The objective of this study was to investigate the difference in disease severity between influenza A and B among hospitalized adults using a novel ordinal scale and existing clinical outcome end points.
A prospective, observational study was conducted over the 2016-2018 influenza seasons in a central hospital. The primary outcome was the rate of clinical improvement, defined as a decline of 2 categories from admission on a 7-category ordinal scale that ranges from 1 (discharged with normal activity) to 7 (death), or hospital discharge up to day 28.
In total, 574 eligible patients were enrolled, including 369 (64.3%) influenza A cases and 205 (35.7%) influenza B cases. The proportion of patients with a worse ordinal scale at admission was higher in influenza A than influenza B (P = .0005). Clinical improvement up to 28 days occurred in 82.4% of patients with influenza A and 90.7% of patients with influenza B (P = .0067). The Cox model indicated that influenza B patients had a higher clinical improvement probability than influenza A cases (adjusted hazard ratio [HR], 1.266; 95% confidence interval [CI], 1.019-1.573; P = .0335). A similar pattern was observed in weaning oxygen supplement (adjusted HR, 1.285; 95% CI, 1.030-1.603; P = .0261). In-hospital mortality for influenza A was marginally higher than influenza B (11.4% vs 6.8%; P = .0782).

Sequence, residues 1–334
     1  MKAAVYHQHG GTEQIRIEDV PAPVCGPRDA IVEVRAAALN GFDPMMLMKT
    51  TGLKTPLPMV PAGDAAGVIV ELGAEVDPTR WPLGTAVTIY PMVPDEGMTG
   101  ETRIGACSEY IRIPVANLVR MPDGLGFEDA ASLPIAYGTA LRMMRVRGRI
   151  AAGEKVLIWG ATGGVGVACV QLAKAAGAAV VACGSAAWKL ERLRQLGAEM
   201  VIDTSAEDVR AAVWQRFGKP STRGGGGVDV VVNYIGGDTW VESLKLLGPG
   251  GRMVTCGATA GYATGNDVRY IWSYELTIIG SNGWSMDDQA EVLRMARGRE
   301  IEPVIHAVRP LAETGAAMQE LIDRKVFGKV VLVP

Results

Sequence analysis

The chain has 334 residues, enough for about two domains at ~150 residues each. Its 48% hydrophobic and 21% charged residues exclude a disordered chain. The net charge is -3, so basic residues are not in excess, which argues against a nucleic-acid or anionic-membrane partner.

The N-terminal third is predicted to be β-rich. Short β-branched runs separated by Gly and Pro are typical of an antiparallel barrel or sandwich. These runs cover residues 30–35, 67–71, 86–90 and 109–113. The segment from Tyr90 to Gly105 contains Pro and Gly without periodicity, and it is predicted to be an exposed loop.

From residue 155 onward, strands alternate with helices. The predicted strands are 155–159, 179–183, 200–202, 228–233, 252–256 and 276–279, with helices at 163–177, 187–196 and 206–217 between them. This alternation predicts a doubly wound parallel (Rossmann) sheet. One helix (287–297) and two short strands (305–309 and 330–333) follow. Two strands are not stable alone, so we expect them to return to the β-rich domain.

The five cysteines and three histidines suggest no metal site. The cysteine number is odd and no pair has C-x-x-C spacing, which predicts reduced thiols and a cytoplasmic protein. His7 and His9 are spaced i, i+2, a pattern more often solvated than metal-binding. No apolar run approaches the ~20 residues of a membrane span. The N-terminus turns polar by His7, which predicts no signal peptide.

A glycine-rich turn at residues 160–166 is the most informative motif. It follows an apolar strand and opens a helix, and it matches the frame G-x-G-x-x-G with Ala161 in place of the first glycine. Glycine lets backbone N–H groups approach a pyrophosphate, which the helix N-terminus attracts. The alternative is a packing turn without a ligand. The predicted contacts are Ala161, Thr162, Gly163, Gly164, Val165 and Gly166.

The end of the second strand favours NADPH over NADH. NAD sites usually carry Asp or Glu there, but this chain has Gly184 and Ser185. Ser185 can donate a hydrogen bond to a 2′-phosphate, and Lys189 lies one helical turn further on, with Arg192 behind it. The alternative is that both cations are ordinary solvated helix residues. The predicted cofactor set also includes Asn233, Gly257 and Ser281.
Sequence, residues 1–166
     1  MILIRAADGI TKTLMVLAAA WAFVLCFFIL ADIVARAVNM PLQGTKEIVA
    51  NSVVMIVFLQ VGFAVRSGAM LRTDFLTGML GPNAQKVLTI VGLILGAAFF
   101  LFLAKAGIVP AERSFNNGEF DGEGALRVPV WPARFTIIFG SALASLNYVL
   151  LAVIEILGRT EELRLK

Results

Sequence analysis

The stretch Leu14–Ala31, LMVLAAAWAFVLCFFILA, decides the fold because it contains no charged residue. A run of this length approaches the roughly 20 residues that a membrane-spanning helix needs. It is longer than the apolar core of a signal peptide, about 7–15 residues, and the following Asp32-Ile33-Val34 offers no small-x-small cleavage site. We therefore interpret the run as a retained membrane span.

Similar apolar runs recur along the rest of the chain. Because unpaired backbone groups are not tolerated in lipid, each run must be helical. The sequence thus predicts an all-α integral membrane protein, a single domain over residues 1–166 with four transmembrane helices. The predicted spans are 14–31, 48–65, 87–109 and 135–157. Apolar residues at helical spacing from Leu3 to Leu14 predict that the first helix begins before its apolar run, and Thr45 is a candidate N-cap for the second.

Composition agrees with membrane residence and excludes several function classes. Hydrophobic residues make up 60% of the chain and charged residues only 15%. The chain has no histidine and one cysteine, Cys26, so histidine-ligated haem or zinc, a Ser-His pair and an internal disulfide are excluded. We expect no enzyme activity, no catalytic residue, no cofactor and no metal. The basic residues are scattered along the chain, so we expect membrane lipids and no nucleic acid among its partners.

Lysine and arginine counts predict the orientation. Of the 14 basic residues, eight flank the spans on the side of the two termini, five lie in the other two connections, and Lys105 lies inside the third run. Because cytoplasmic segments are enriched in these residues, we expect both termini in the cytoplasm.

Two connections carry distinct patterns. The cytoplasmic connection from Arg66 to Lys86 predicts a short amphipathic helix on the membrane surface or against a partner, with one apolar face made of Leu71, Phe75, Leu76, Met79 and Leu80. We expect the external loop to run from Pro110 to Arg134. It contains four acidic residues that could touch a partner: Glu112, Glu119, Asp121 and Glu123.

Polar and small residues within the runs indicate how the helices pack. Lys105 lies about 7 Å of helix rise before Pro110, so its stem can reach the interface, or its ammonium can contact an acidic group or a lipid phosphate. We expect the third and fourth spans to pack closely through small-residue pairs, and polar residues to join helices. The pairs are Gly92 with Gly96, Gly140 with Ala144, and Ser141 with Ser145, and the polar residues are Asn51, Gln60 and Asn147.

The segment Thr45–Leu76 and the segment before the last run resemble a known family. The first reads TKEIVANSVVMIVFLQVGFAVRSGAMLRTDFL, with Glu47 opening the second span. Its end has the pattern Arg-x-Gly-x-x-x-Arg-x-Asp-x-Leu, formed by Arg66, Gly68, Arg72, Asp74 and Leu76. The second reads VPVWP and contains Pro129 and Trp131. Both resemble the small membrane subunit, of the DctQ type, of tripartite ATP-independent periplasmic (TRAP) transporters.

Our findings indicated that hospitalized patients with influenza A were more ill and had delayed clinical improvement compared with those with influenza B virus infection.
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